Wood cabinets are the classic “go to” for kitchens. Each wood type has slight variations in the grain (knots, patterns and markings in the wood). Deciding what type of wood is best for your kitchen renovation depends on the overall look and durability requirements you anticipate for your project. Here’s a quick overview of what we see at AKB!
Painted maple kitchens are the most popular choice. Maple is hard and heavy with a smooth texture and a uniform grain that is very easy to paint. Maple is also a relatively versatile type of wood, allowing it to fit in amongst many different styles of home decor.
Cherry is geared toward the traditionalists. Durable and longwearing, it is known for its’ naturally rich and luxurious dark color, but can vary between deep yellow and pale red. Cherry is very sensitive to light so you can expect cabinets to darken with age. Cherry cabinets tend to be on the pricier side but seldom chip or dent.
Hickory wood cabinets are an affordable counterpart to cherry wood yet produce a rustic aesthetic. Hickory is hard and heavy and shows extreme color variation. Its’ unique two-toned appearance is made up of natural streaks of lighter white, and darker reddish wood. Because a stain can’t penetrate the tight grain of this wood and veining can vary in a single cabinet, hickory wood cabinets are typically sealed with a clear finish.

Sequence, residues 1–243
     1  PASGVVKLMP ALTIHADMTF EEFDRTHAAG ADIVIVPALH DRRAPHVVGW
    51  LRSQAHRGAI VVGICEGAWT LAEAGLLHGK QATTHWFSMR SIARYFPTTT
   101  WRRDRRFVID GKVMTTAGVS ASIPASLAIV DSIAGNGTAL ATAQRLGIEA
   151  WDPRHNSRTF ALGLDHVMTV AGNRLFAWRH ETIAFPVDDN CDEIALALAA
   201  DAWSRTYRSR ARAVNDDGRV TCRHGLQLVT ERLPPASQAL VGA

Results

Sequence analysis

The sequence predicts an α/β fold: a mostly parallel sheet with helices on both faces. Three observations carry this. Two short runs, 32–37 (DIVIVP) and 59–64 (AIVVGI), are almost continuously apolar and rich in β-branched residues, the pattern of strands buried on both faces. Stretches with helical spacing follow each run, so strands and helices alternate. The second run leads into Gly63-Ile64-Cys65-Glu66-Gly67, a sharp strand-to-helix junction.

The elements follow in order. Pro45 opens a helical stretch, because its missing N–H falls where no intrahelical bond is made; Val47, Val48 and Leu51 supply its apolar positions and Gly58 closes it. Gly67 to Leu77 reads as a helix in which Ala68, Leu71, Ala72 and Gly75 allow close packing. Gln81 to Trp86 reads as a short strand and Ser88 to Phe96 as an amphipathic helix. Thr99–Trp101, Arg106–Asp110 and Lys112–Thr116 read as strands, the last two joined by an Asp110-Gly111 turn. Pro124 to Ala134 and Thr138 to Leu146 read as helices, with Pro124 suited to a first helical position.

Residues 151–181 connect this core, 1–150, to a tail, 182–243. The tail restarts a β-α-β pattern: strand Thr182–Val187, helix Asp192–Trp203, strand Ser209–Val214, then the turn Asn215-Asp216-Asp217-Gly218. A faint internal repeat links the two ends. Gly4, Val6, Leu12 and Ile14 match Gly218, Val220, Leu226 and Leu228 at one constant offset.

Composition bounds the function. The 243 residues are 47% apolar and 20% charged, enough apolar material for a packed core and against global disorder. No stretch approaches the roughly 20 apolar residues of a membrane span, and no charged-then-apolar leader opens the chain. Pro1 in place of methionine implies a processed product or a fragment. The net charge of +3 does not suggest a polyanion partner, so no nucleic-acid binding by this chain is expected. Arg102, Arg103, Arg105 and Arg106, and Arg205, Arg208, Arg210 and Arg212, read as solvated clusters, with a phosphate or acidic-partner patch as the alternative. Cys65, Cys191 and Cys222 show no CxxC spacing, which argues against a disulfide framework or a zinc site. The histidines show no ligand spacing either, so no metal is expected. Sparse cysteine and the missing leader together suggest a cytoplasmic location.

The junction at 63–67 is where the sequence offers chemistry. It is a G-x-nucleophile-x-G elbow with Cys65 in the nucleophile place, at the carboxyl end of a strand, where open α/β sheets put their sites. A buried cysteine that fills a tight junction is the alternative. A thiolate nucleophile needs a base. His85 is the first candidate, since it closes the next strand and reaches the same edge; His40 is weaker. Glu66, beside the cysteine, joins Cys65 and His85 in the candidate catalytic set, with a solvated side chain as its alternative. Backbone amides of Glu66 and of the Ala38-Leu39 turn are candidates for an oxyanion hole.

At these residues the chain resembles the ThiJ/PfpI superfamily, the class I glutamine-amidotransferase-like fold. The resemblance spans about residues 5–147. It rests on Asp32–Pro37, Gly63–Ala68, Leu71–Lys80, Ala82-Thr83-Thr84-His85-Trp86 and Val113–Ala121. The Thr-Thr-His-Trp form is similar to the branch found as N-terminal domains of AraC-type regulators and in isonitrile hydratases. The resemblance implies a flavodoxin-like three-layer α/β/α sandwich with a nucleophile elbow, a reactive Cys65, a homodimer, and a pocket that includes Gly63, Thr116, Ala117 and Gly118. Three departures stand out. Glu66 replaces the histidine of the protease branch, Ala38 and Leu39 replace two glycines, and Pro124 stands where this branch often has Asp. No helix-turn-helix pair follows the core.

Poplar is a cost-effective, medium density option with good strength and stability and is particularly suited for dark-stained finishes. Wood is made up of thousands of cells, some large and some small. The large cells collect more pigment and go dark, whereas smaller cells collect less and appear light. So when you stain, you’re actually highlighting the cell structure of a tree. Bottom line, if you’re using poplar, go dark.
Oak is a very hard wood with a straight open grain. It is extremely durable with large open pores that accepts stain very well. The honey colored oak cabinets of the 80’s are out but cool toned oaks are popular today.
Alder is a nice cost effective wood that is also easy to stain. It is susceptible to dents more so than other hardwoods. With its naturally light tone, Alder is a great wood to use for lighter paint colors since it won’t show through.
Walnut cabinets feature graceful grain patterns and warm, sophisticated brown hues. The smooth, fine and general straight wood grain has colors that range from deep chocolate to light reddish-gray brown. We’ve designed many walnut and painted maple cabinetry combinations.
So which wood would you pick? The easiest answer is the best wood for the look you want at the price you can afford. Come see all the options at The Little Yellow House of Big Ideas on the corner of Lafayette and Euclid Avenues.